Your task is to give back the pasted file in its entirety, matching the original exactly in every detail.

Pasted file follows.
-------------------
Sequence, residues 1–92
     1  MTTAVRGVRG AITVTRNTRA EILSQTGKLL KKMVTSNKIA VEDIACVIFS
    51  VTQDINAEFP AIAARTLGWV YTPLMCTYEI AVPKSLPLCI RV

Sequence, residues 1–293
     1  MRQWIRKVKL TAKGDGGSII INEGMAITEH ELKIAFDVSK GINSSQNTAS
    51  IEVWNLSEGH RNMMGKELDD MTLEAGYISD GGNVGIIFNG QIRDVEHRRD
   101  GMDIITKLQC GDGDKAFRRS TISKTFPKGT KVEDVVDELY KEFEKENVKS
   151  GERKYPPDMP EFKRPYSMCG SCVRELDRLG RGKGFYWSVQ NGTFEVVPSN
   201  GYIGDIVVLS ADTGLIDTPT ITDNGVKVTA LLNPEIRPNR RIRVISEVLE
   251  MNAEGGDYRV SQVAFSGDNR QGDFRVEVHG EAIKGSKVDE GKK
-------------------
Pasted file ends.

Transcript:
Sequence, residues 1–92
     1  MTTAVRGVRG AITVTRNTRA EILSQTGKLL KKMVTSNKIA VEDIACVIFS
    51  VTQDINAEFP AIAARTLGWV YTPLMCTYEI AVPKSLPLCI RV

Sequence, residues 1–293
     1  MRQWIRKVKL TAKGDGGSII INEGMAITEH ELKIAFDVSK GINSSQNTAS
    51  IEVWNLSEGH RNMMGKELDD MTLEAGYISD GGNVGIIFNG QIRDVEHRRD
   101  GMDIITKLQC GDGDKAFRRS TISKTFPKGT KVEDVVDELY KEFEKENVKS
   151  GERKYPPDMP EFKRPYSMCG SCVRELDRLG RGKGFYWSVQ NGTFEVVPSN
   201  GYIGDIVVLS ADTGLIDTPT ITDNGVKVTA LLNPEIRPNR RIRVISEVLE
   251  MNAEGGDYRV SQVAFSGDNR QGDFRVEVHG EAIKGSKVDE GKK